Converting A Standalone Instance Into An EC2 Load Balanced Cluster

Creating a new web application that resides on an AWS load balanced cluster is easy with the Elastic Beanstalk assistant. That is a great solution if you want to run every web service or application on their own instances. It is not a great fit for complex environments like the one being used for Store Locator Plus®.

Store Locator Plus® has several environments running within the same master domain. Multiple servers and load balancers creates a security certificate nightmare. Not too mention it starts racking up EC2 server fees quickly if they each became their own cluster. The better option is to retain a server instance that allows us to run our SaaS offering, our buy-and-own plugin store, our documentation site, and our demo site from a single disk image. We want to setup a full EC2 Load Balanced Cluster to gain the benefits of horizontal scaling on a server hosting multiple domains and web apps.

While this is easy to do with a single EC2 instance that hosts multiple host names for the storelocatorplus.com domain, making it scalable under load is the trick. It turns out Elastic Beanstalk is not a good fit. Instead we need to build a load balanced cluster “from scratch”. We’ll need to combine a machine image from a running server with a Launch Template. We will need an Application Load Balancer that will have instances attached and detached automatically from an Auto Scaling Group that we will also create.

Our environment also has a configured EC2 instance to run the web application stacks, mostly WordPress, locally on an EBS volume that uses an Amazon Aurora MySQL RDS database in multiple zones for performance and reliability. These two features make it easy to replicate the disk image for the software portion and maintain a persistent DB store across all instances.

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WP_User_Query Inverse (NOT) Search

It took a LOT longer than it should have to build an efficient query for WordPress users today. The query — an WP_User_Query INVERSE search.

The list I was trying to generate was based on two things:
– All users with a meta_key field ‘account_status’ containing the status ‘active’
– EXCLUDE all users with a nicename ending with “at_slp_dot_guru”

Turns out this is a LOT more difficult than it should be due to shortcomings in the WP_User_Query class. The solution that created the least amount of data queries , and thus improved performance over other “post filter” methods was to make use of the pre_user_query action hook that is part of WP_User_Query.

The Patch

The short version of the patch — use the pre_user_query to change an “INCLUDE all users with this search value” to an EXCLUDE for those same users. This is done by using the INCLUDE search filter than “flipping the logic” by replacing the field comparison in the WordPress-generated query to NOT LIKE instead of LIKE.

/**
 * Filter out SLP dot Guru accounts.
 *
 * @param WP_User_Query $wpUserQuery
 */
public function filterOutSLPDotGuru( $wpUserQuery ) {
   $new_query_where = str_replace( "(user_nicename LIKE '" , "(user_nicename NOT LIKE '" , $wpUserQuery->query_where);
   $wpUserQuery->query_where = $new_query_where;
}
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Cloning A VVV 2.6 Install

Decided to upgrade my long-term VVV setup that I use for daily client consulting work in preparation for a new gig as head of R&D and CTO for a super cool tech startup. As usual I should have left things alone as it was working fine; I only wanted to play with the newer VVV toys. You’d think I’d learn by now.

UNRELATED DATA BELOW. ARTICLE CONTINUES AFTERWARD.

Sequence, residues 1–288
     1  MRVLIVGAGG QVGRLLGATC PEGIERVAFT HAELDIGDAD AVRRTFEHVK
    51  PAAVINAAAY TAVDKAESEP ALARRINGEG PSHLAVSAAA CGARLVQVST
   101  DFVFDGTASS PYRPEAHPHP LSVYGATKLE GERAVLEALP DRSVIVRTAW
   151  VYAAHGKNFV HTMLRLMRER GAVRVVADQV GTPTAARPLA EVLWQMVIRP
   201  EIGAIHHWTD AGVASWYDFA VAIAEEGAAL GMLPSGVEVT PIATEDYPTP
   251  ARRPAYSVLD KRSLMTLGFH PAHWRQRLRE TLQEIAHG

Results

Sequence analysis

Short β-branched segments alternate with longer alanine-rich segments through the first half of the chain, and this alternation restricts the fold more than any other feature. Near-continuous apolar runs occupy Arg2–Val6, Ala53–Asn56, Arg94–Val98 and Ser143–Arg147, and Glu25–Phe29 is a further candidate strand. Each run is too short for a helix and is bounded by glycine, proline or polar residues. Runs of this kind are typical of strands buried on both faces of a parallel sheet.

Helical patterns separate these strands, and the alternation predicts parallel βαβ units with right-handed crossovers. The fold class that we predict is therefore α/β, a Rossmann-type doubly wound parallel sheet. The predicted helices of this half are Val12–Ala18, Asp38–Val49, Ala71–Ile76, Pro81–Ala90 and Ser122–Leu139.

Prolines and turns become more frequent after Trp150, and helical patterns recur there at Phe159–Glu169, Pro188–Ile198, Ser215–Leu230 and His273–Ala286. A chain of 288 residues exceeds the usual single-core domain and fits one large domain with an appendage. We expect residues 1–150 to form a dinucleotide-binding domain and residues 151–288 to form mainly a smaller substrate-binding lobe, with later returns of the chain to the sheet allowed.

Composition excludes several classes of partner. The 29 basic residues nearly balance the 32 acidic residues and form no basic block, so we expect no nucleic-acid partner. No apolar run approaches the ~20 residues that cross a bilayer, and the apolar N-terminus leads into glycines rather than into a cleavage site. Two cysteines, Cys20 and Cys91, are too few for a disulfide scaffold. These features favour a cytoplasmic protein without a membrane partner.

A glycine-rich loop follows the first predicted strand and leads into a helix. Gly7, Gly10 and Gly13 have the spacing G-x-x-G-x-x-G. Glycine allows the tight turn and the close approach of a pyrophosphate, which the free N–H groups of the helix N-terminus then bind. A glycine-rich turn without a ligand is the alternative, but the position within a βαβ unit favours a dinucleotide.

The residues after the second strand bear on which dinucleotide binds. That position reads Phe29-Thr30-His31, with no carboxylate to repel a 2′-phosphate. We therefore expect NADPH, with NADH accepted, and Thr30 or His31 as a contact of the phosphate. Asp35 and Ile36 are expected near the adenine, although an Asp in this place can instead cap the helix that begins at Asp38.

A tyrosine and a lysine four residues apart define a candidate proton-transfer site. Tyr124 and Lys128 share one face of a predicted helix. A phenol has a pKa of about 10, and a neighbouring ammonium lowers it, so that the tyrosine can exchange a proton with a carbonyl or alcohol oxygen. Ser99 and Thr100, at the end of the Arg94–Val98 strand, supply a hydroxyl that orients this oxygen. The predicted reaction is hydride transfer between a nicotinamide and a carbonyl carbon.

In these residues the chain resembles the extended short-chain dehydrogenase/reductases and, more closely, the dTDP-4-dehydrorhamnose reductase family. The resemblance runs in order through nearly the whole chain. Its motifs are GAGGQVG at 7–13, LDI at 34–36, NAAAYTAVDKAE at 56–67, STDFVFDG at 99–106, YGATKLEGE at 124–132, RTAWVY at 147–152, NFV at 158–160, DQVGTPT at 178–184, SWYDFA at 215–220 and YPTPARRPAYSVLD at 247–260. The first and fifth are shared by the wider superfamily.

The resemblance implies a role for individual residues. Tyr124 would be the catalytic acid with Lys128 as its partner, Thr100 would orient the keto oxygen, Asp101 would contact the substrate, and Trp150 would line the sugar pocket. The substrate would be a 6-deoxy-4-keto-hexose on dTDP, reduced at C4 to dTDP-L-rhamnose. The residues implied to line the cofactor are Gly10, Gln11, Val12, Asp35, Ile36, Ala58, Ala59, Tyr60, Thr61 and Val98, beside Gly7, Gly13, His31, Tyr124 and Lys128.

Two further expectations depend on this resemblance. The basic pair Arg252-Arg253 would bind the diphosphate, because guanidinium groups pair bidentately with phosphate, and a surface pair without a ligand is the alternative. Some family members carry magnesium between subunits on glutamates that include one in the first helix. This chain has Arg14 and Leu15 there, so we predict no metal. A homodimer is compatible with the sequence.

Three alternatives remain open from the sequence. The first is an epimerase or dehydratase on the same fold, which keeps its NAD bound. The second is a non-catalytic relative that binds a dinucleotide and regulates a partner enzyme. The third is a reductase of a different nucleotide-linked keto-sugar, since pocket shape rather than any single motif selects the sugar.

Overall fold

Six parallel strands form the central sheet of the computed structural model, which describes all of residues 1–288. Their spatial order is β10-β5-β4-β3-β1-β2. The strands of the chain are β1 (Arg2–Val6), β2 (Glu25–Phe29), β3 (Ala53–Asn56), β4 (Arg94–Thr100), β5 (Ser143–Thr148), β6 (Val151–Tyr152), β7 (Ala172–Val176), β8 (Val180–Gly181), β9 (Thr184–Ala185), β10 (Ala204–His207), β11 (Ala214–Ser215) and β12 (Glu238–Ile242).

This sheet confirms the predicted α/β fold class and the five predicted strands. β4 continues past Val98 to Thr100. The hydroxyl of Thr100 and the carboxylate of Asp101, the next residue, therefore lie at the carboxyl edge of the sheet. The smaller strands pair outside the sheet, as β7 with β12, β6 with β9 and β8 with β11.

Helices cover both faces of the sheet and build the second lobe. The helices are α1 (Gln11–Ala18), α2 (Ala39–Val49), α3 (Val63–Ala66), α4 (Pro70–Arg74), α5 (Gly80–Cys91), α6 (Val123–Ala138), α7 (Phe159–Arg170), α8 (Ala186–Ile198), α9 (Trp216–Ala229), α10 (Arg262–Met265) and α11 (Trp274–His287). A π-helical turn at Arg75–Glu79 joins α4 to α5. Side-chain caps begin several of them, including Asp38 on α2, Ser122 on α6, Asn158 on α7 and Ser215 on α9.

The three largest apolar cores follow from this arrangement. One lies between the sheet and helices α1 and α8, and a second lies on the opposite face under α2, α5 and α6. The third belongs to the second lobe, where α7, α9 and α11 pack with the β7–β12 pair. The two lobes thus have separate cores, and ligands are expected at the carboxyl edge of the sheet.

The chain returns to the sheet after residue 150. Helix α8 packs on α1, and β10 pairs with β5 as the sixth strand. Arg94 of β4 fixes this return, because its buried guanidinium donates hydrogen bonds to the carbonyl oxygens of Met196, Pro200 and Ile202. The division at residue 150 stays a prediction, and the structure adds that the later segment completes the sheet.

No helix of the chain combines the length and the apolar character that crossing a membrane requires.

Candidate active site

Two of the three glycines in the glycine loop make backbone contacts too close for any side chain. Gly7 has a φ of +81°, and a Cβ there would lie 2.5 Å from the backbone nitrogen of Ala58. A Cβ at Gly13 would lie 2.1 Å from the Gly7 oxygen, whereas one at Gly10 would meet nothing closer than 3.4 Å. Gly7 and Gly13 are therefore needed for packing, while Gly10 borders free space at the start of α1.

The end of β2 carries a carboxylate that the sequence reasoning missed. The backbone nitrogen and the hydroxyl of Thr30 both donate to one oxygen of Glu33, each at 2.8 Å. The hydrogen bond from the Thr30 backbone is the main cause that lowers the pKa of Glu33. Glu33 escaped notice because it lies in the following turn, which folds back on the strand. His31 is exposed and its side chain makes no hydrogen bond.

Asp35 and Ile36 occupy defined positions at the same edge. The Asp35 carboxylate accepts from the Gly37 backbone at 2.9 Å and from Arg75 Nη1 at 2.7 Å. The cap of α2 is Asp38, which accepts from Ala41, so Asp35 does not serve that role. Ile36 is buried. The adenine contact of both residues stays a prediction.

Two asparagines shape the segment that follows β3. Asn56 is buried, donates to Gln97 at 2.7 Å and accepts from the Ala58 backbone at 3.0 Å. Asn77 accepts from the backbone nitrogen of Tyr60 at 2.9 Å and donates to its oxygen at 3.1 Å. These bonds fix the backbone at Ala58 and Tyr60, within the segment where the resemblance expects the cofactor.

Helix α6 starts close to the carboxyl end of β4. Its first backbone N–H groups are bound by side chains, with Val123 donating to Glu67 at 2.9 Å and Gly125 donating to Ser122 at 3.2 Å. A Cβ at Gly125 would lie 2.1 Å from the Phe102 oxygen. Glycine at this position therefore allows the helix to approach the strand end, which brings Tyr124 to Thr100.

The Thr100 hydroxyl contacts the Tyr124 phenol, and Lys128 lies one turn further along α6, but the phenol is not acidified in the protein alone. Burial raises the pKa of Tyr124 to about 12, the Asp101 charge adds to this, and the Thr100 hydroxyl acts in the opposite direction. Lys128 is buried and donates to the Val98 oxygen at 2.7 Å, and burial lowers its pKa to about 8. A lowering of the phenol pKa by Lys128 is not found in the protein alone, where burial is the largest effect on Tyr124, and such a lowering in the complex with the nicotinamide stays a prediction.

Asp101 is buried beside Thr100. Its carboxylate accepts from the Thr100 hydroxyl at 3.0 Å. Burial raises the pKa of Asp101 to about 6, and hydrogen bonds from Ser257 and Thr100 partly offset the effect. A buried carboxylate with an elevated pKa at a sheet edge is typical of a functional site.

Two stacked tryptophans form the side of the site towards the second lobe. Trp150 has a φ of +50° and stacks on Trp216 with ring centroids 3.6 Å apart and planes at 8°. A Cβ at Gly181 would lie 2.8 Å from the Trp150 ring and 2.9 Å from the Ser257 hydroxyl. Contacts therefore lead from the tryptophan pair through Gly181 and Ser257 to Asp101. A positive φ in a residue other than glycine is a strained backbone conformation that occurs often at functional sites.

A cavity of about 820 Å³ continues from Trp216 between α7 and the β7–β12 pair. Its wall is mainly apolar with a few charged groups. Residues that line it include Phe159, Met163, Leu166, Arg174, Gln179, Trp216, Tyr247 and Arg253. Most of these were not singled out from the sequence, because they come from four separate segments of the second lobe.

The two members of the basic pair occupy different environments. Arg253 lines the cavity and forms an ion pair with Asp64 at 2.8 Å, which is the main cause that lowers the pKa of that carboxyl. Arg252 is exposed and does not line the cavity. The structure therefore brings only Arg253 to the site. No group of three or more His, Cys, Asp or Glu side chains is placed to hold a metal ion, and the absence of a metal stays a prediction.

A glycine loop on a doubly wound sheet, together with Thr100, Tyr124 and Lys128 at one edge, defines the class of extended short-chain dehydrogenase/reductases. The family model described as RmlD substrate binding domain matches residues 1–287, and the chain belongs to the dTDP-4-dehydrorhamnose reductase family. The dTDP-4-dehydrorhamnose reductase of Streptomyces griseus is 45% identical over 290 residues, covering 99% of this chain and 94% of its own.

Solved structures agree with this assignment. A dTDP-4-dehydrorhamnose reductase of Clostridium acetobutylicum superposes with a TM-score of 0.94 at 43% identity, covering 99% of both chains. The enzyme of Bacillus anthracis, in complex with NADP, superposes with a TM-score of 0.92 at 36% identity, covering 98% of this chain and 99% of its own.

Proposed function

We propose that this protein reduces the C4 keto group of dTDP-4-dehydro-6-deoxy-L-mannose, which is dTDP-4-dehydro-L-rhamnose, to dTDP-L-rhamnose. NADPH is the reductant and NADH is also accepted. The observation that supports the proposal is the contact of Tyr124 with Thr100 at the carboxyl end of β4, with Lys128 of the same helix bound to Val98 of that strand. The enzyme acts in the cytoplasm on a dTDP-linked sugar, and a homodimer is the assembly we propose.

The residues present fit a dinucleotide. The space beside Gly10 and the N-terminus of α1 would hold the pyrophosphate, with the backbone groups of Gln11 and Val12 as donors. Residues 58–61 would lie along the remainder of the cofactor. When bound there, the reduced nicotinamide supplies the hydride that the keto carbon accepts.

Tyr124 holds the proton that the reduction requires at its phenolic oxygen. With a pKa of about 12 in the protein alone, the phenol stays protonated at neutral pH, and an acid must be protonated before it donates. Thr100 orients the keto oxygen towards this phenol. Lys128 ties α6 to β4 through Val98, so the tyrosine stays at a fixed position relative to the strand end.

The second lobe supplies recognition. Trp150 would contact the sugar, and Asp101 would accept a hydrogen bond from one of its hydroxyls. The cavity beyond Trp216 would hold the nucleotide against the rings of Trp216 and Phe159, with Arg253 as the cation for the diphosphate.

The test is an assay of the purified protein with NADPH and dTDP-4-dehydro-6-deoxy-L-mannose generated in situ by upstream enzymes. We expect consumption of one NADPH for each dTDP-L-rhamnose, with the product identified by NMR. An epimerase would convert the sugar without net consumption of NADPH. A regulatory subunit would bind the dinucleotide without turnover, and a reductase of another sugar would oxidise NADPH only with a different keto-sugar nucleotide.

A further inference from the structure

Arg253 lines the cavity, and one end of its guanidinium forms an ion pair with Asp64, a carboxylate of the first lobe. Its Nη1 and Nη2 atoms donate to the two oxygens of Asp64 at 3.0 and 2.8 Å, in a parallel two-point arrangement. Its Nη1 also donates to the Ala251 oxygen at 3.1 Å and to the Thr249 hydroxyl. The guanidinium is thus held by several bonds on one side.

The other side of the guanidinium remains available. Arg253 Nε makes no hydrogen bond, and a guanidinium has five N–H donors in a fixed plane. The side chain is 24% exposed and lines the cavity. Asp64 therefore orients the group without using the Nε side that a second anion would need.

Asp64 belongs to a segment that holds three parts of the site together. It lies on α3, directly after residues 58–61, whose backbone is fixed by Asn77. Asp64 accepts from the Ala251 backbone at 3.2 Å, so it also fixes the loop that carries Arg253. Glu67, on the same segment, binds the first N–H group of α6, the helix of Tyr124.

What I ended up doing was cloning a working baseline VVV install I had created a few weeks ago for the WordPress Plugin Development class I’ve been teaching at The Blockyard this year as part of the CodeBlock initiative.

Turns out this will be super useful for those nights when we have a dozen students all trying to initialize a new VVV install and we don’t have the bandwidth for 12 simultaneous 500MB box image downloads.

Here are the notes for a MacOS install. Windows will be slightly different but the same concepts apply.

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Ubuntu Trusty: PHP 7.2 MIA

Working with Varying Vagrant Vagrants today and having problems spinning up a new box? Don’t blame yourself. It appears that the PHP 7.2 libs… in fact ALL of the PHP libs for Ubuntu Trusty have gone away.

The ppa:ondrej/php repository that is cited everywhere has decided it is not going to serve up any PHP code to your Vagrant boxes today.

Maybe they’ll fix it soon. Maybe not. If anyone has a workaround please comment here.

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nginx Installing WordPress In A Subdirectory

We have recently run into a number of customers using Store Locator Plus® that are having issues with the new REST based geocoding system. It turns out that an overwhelming percentage of people that are having issues have WordPress installed in a subdirectory. Apparently not all subdirectory installs are created equal — if it is not done properly things break.

What is a subdirectory install?

A subdirectory install is one in which WordPress is installed in a directory within the document root of a website. Sometimes this is done when WordPress is only managing one part of a website such as the newsfeed or blog. Other users use this install to separate WordPress core code from the add-on and upload code (plugins, themes, uploads) and the site configuration.

For the sake of this explanation we’ll reference the document root as being in the public_html directory and WordPress inside of a /wordpress directory within.

Our example install structure
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